Monday, February 28, 2022

8 Things Used Every day That You Probably didn't know was Created by a Black Inventor #BlackHistoryMonth

In most cases, we are often taught about the same black inventors during our school years.  Madame CJ Walker, Garrett Morgan, George Washington Carver etc.  Education of our history during those years is confined repetitiously when there is SO much more.  Truthfully, black history should be taught year round.  The amount of information and worldly impact our culture has had is immeasurable.  For example, here are 8 every day items that you probably didn't know were invented by Black people.  

Let's start with the gentleman photo'd above, Frederick McKinley Jones.  Jones is most known for inventing the automatic refrigeration system for long haul trucks and rail road cars in the 1940s.  So when you see trucks on the highway transporting refrigerated and frozen foods, you're watching one of his inventions.  Prior to this, these foods were only kept cool in trucks by loading them with ice.  Jones has patented more than 60 inventions during his lifetime.  Roof mounting cooling system, air conditioning unit for military field hospitals, refrigerator for military field kitchens, self-starting gas engine, a series of devices for movie theaters etc.  Needless to say, Frederick M. Jones was the man.  Awarded the National Medal of Technology in 1991, posthumously, Jones was the first black inventor to receive that award. 


You know the thing you use to open doors, your entire life, in your home?  building?  store? Thank Osbourn Dorsey.  Dorsey patent #210764 was described as the "door holding device" in 1878.   In modern terms, the door knob.  Dorsey, also, invented the door stop.  ___________________________________________________________

In 1911, Nathaniel Alexander patented the Folding Chair.  Per his patent, Alexander designed this chair to be used in schools, churches, auditoriums etc.  Fast forward to 2022, where they are still used for his purpose and even beyond.  You can literally almost spot this chair at every event.  


Paul L. Downing designed a metal box with four legs in 1891, which was deemed a 'street letter box'.  This was said to be created so people would not have to go all the way to the post office to mail letters.  The mailbox placed in different areas would simply be more convenient.  I do not have Mr. Downing pictured because the picture google has for him is also the same picture they use for another inventor.  Unfortunately, I am unsure which is which.  Did I mention that just a year prior, Downing patented "new and useful improvements in street-railway switches"?  ______________________________________________________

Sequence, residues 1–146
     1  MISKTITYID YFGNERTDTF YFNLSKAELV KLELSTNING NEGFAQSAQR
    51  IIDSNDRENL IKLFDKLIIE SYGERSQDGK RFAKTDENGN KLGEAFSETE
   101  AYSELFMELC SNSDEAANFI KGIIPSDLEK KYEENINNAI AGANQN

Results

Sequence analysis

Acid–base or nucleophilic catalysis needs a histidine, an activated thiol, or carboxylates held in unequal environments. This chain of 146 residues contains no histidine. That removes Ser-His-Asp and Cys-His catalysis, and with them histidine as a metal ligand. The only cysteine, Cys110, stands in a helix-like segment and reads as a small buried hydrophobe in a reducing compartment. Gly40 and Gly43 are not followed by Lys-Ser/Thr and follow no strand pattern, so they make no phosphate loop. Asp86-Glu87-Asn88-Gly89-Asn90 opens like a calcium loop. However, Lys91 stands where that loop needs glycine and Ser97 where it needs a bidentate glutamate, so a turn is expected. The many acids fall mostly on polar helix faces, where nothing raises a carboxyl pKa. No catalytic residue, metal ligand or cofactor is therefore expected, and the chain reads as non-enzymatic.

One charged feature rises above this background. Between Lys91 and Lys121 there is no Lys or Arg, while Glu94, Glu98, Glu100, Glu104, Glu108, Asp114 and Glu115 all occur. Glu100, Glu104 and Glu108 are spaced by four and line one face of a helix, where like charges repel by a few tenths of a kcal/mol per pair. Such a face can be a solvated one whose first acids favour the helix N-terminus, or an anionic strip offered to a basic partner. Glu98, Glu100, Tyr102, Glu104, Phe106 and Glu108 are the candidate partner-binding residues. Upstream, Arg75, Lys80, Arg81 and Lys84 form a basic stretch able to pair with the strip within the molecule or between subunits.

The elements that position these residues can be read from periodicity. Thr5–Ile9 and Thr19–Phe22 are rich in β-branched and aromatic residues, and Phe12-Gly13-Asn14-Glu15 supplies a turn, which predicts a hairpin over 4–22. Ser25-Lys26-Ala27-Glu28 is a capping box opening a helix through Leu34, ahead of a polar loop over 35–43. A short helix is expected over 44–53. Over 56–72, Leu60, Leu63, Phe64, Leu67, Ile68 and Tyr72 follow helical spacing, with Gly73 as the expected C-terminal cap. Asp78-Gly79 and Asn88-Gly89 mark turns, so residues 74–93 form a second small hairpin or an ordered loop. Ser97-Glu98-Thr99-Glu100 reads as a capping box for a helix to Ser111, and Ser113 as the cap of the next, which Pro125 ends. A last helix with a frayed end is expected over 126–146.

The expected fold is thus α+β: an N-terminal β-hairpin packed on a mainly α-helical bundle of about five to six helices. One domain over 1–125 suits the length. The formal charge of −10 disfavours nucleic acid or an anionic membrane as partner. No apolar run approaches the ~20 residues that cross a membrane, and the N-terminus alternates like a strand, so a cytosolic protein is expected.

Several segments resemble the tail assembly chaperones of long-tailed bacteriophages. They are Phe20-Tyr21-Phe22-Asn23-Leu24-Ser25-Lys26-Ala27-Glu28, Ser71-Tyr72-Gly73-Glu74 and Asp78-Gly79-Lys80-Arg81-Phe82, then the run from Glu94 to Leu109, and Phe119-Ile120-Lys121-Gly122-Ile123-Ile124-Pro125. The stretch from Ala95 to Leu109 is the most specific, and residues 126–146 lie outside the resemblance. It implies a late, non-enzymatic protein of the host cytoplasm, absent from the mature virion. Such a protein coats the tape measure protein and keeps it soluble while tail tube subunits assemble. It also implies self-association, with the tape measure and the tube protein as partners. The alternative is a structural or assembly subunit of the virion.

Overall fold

George T. Sampson was the first in the U.S. to patent the automatic clothes dryer in 1892.   Known as Patent #476,416, this invention was a frame that suspended clothing above a stove to dry more quickly.  Sampson is credited for setting a blueprint of the clothes dryers we all use today.  Prior to in 1885, Sampson patented the sled propeller.  


Exactly 100 years before my birthdate, Alexander Miles patented the electric elevator.  While Miles did not invent the first elevator, his design improved the method of opening/closing doors and how the elevator operates when it's not on a particular floor.  Miles created the automatic mechanism that closed access to the elevator shaft.  Before this invention, elevator users were operating this manually.  In some instances, it is said that people would forget to close the shaft door which resulted in accidents of people falling down elevator shafts.  Alexander Miles saved lives.  

The original "ring".   Marie Van Britton Brown, and her partner Albert Brown, had an idea for a home surveillance device and applied for a closed-circuit television security system patent in 1966.  The Brown's system was a set of four peep holes with a camera that could move around to look out of each one, appearing on a monitor.  Their patent was granted in 1969.  Fun fact:  An additional feature to the invention was unlocking a door with a remote control.  

Chef George Crum.  In 1853, a patron sent back their plate of ordered french-fried potatoes as they felt they were too thick and soft.  With intentions of teaching a lesson, Crum sliced a new batch of thinly sliced potatoes and began to fry them until they were hard and crunchy.  Topped off with salt, Crum was surprised to find this dish was a hit!  While never patented, Crum is credited for the birth of what we know and love... Potato Chips.   

Related Post:  What Would the World be like with No Black People ??? ....

Related Post:  Promote Black History All Year Long ... #BlackHistoryMonth

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